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After 18 years I figured it was time to replace spark plugs on my 05 Colorado.even though it only has 60,000 miles on it. I ordered plugs online from Advance Auto (I guess that`s where I went wrong). Listing said they fit my truck. Put the plugs in and it ran terrible and set off a blinking check engine light. I figured I didn`t have one of the coil wires pushed onto the coil right so I took the air box off again (not as easy as you would think) . Since I couldn`t drive the truck with light flashing I ordered a obd scanner. Connected scanner and it indicated misfire cylinder no.2. Figured it must be bad coil so to verify I switched coil 2 and 3 thinking problem would now be cylinder 3. This time scanner showed misfire cylinder 1. Luckily my adult son had similar problem with his VW suv and told me I had to go to the Chevy dealer to get the right plugs. I was skeptical (especially when I found out the dealers price was 15.80 each and I couldn't find the AC Delco 41-103 plugs for less any where else. Put those plugs in and problem solved. The moral of this story is---when auto parts store webpage says "fits your vehicle" it only means the plugs will screw into the hole.It doesn`t mean they are the right plug.I hope this helps someone avoid the ordeal I just went through.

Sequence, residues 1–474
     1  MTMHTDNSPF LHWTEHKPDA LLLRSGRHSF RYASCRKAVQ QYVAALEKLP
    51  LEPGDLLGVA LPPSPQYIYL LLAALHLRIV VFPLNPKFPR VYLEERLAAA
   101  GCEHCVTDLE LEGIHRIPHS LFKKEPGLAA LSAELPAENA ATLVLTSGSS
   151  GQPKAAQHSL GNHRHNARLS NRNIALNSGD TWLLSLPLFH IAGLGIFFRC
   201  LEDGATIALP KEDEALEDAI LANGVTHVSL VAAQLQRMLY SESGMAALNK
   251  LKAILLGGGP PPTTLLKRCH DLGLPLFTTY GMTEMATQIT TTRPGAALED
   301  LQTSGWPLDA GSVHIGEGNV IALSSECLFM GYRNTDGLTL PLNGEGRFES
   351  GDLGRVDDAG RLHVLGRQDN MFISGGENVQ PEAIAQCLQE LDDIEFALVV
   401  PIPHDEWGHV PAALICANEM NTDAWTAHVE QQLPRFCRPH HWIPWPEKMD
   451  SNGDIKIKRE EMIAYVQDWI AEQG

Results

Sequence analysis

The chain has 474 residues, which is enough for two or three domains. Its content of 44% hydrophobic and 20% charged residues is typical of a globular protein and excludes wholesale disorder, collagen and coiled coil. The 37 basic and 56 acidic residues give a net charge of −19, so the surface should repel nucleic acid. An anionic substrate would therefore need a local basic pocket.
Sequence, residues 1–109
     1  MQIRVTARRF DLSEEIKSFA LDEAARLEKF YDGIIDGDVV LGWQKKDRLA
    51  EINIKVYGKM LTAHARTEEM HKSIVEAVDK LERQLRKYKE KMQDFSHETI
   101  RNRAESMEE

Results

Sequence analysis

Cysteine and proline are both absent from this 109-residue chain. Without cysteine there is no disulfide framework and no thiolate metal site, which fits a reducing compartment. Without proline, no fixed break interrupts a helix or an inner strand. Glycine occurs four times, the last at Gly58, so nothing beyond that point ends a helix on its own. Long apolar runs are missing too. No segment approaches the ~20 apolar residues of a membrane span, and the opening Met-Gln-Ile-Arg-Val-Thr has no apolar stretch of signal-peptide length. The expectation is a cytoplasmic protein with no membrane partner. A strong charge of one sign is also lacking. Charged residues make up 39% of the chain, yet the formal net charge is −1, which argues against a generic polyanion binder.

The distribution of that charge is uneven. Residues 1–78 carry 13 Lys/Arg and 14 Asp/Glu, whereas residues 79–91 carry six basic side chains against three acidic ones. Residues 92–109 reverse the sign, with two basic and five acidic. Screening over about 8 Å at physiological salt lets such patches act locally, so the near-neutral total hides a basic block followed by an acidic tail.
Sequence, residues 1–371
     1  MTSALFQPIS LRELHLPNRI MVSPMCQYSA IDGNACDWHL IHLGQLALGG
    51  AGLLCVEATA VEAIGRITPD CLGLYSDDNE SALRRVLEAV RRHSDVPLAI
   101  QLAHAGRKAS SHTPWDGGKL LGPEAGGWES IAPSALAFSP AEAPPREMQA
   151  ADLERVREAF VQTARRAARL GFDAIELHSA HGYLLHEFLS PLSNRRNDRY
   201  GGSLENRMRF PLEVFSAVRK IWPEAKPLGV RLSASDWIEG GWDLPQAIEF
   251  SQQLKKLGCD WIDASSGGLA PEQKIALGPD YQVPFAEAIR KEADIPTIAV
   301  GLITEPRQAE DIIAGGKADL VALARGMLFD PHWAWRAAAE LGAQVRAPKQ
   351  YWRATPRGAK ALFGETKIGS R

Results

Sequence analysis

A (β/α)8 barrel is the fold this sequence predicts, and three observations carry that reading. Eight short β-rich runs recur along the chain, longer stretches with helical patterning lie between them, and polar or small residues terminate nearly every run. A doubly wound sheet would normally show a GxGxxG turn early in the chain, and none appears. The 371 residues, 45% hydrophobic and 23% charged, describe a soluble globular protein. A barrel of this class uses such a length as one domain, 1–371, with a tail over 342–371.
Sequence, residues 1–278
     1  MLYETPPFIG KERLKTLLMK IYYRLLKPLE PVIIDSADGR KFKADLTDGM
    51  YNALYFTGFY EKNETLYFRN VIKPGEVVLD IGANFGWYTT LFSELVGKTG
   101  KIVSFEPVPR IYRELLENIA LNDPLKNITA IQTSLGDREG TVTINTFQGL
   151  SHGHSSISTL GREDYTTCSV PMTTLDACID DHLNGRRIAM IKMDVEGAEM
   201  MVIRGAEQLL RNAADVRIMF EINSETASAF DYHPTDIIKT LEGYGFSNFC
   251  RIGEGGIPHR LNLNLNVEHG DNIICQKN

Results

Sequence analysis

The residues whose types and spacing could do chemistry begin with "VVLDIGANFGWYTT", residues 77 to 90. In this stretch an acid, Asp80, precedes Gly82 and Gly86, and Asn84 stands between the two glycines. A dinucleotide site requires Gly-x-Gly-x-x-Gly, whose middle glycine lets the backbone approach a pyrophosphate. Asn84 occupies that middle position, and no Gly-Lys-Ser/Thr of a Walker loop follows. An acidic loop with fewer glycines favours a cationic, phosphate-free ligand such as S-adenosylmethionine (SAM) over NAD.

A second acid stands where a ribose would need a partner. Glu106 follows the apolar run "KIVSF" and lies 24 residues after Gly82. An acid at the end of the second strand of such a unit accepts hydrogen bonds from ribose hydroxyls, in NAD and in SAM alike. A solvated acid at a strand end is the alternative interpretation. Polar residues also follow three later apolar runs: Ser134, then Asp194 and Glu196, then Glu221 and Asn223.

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Absolutely correct, that why it’s best to buy OEM factory parts and not try to save money. It ends up costing you more, trying to cheap out.
 

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I echo 16WhiteColly totally. When you supply the free labor versus the cost of a dealership or shop doing the job that's the savings. Don't cheap out on crappy parts then live to regret it. All though your labor is free isn't your time of any value?
 
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